Weather Data Sheds New Light On Everest Mystery : The Picture Show Using barometric pressure readings, Kent Moore found evidence that a major storm rolled in on the day George Mallory and Andrew Irvine attempted to summit. He says it's likely the drop in air pressure would have led to hypoxic shock.
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Weather Data Shed New Light On Greatest Mount Everest Mystery

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Weather Data Shed New Light On Greatest Mount Everest Mystery

Weather Data Shed New Light On Greatest Mount Everest Mystery

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GUY RAZ, host:

Kent Moore also studies climate change. He is an atmospheric physicist at the University of Toronto, and he's also an amateur mountain climber, and like many mountain climbers, he was always interested in the story of the doomed expedition to Mount Everest in 1924, a journey that left George Mallory and his partner, Andrew Irvine, dead as they attempted to reach the summit.

No one really knows what happened as they got closer. The last man to see them alive was Noel Odell. He was at the base camp on June 8, 1924 and watched the two men climb. Here's how he remembered the day they vanished. This is from a "Nova" documentary produced in the mid-1980s.

(Soundbite of television program, "Nova")

Mr. NOEL ODELL: It was blowing very hard and blowing snow and mists and stuff. Visibility was bad, very bad.

RAZ: Odell also kept copious records, barometric pressure readings and other weather data, and this is where Kent Moore comes in. He wanted to get a hold of those records to see if he could track climate change in Tibet, but what he found was something completely different.

Mr. KENT MOORE (Atmospheric Physicist, University of Toronto): So I was on my way to a meeting in Norway, and I had a layover in London and a few hours to kill. So I decided to go to the library of the Royal Geographical Society, which has all the Everest records there. They were very gracious in bringing out this old kind of, you know, torn folder full of grainy pieces of paper. I had to put on gloves and use tongs to kind of move these papers around because they were obviously of historical interest.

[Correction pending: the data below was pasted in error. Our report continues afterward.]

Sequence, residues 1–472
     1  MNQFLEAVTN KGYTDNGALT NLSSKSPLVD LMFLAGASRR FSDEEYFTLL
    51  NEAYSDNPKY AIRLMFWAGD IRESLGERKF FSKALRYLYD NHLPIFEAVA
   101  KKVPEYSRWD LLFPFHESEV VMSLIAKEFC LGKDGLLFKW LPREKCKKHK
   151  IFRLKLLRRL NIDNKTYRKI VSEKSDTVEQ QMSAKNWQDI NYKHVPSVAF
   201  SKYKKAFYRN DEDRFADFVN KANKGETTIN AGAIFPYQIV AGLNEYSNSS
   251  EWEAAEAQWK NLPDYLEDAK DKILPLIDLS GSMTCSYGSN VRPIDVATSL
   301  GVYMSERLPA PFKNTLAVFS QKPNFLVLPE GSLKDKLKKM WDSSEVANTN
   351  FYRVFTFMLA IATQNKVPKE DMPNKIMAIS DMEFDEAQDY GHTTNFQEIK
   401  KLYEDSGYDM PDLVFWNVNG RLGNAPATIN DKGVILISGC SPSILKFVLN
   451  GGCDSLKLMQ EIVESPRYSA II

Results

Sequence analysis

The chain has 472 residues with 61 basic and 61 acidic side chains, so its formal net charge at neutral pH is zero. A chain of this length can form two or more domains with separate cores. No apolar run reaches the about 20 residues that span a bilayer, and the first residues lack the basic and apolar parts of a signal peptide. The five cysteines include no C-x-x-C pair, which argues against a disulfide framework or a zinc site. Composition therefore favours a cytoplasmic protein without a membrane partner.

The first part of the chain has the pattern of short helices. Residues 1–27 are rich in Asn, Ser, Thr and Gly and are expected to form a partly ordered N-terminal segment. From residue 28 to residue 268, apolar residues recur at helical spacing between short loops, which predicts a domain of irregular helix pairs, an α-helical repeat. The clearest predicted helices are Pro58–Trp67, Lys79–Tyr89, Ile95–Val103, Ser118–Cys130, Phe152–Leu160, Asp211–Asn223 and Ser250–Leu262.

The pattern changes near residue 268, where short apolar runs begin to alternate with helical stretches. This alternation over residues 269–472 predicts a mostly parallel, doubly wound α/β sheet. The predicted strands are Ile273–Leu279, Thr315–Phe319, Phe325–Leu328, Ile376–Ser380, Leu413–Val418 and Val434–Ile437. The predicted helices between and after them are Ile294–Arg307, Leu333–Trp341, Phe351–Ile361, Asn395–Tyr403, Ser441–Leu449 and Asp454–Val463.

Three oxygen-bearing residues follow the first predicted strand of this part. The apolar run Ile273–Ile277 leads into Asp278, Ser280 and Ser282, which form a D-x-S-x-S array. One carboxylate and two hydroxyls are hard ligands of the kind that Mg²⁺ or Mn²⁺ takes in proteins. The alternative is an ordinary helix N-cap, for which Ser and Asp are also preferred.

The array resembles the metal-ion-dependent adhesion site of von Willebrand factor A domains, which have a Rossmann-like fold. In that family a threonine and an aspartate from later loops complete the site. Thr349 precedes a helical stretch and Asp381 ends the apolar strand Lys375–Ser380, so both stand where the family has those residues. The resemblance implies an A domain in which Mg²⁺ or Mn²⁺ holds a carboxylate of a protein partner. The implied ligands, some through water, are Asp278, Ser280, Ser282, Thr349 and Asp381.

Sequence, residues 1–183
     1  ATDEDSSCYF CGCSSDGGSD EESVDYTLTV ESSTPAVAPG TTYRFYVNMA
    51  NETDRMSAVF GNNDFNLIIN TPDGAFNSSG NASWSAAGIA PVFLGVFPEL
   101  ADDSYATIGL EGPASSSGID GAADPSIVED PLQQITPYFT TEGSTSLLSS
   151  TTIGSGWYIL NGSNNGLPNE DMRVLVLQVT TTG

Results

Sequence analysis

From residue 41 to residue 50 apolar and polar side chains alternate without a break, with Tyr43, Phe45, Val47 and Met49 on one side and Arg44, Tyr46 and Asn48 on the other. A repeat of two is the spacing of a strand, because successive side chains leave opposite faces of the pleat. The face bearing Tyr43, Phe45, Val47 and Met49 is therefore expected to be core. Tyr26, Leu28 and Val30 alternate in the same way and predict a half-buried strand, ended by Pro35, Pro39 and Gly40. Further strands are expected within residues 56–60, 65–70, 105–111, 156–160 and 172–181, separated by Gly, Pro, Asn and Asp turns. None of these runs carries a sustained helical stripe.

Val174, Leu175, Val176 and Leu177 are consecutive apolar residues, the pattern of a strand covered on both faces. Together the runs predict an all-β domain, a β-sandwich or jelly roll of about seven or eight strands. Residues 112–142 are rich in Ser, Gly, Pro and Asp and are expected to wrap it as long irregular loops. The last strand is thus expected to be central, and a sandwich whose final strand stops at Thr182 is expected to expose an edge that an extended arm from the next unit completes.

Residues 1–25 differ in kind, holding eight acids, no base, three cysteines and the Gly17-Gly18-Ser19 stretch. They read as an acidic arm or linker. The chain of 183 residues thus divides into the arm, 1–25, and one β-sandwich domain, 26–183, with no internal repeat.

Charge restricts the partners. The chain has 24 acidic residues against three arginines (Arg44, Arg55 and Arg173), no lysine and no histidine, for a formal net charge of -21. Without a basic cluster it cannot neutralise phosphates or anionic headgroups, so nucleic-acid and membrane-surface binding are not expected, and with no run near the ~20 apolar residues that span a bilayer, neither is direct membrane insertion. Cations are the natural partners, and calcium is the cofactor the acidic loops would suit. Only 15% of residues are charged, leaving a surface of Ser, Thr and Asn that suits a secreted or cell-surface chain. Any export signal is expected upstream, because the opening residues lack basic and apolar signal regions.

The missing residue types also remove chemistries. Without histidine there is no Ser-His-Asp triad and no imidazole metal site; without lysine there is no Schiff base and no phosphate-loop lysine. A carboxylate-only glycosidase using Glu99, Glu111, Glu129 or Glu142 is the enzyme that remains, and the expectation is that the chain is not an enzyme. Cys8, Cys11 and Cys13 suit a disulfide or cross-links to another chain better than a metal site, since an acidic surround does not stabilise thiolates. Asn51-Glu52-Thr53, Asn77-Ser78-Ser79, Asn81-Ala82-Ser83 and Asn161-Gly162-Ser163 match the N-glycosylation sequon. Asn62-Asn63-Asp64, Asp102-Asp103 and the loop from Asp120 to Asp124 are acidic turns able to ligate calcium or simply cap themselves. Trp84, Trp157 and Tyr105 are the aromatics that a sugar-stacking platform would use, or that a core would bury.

And to my amazement, I actually found the weather diary from the expedition that included these pressure measurements that had been made at base camp. I remember I started looking and reading the numbers and going, oh, gee, there's this huge pressure drop. I go, gee, I hope this is the day they were summiting on because I couldn't remember if it was the 8th or the 9th.

And so I quickly checked my records, and in fact, it was the day that they in fact were summiting. So that pretty much told me that we had sort of uncovered a pretty important piece of information as to what happened to them.

RAZ: Explain what the going assumption has been about what happened to the men as they approached Everest's summit.

Mr. MOORE: No one really knows what happened to them. They know that Mallory fell. His body was found below the ridgeline. There was some evidence that he was not roped at the time. So that means that he was unroped from Irvine, and that's a thing that wouldn't have happened unless something had happened to Irvine earlier.

So there are still lots of uncertainty as to what in fact happened to them. They were climbing for about two days before they reached the high camp from which they made their summit attempt, and during that whole period of time, the barometric pressure or the atmosphere pressure at base camp was dropping.